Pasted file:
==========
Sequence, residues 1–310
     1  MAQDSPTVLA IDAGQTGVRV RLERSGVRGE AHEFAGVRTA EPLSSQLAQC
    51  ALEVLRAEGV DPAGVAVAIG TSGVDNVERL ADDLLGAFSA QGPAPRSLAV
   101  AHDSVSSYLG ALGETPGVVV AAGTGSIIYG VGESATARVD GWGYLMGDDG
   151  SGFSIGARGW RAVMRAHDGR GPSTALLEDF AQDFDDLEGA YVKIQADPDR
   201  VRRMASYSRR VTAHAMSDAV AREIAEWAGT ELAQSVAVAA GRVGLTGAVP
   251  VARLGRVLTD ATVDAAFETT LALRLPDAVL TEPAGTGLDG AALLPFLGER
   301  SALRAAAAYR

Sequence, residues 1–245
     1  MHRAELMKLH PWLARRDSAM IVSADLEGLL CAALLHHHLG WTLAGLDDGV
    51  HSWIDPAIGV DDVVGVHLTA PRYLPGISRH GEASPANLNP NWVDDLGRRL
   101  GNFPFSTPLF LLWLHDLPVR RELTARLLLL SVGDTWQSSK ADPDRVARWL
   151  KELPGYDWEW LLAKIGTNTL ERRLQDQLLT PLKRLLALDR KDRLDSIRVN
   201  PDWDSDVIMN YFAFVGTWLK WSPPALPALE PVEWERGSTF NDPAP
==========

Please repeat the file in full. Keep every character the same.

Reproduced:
Sequence, residues 1–310
     1  MAQDSPTVLA IDAGQTGVRV RLERSGVRGE AHEFAGVRTA EPLSSQLAQC
    51  ALEVLRAEGV DPAGVAVAIG TSGVDNVERL ADDLLGAFSA QGPAPRSLAV
   101  AHDSVSSYLG ALGETPGVVV AAGTGSIIYG VGESATARVD GWGYLMGDDG
   151  SGFSIGARGW RAVMRAHDGR GPSTALLEDF AQDFDDLEGA YVKIQADPDR
   201  VRRMASYSRR VTAHAMSDAV AREIAEWAGT ELAQSVAVAA GRVGLTGAVP
   251  VARLGRVLTD ATVDAAFETT LALRLPDAVL TEPAGTGLDG AALLPFLGER
   301  SALRAAAAYR

Sequence, residues 1–245
     1  MHRAELMKLH PWLARRDSAM IVSADLEGLL CAALLHHHLG WTLAGLDDGV
    51  HSWIDPAIGV DDVVGVHLTA PRYLPGISRH GEASPANLNP NWVDDLGRRL
   101  GNFPFSTPLF LLWLHDLPVR RELTARLLLL SVGDTWQSSK ADPDRVARWL
   151  KELPGYDWEW LLAKIGTNTL ERRLQDQLLT PLKRLLALDR KDRLDSIRVN
   201  PDWDSDVIMN YFAFVGTWLK WSPPALPALE PVEWERGSTF NDPAP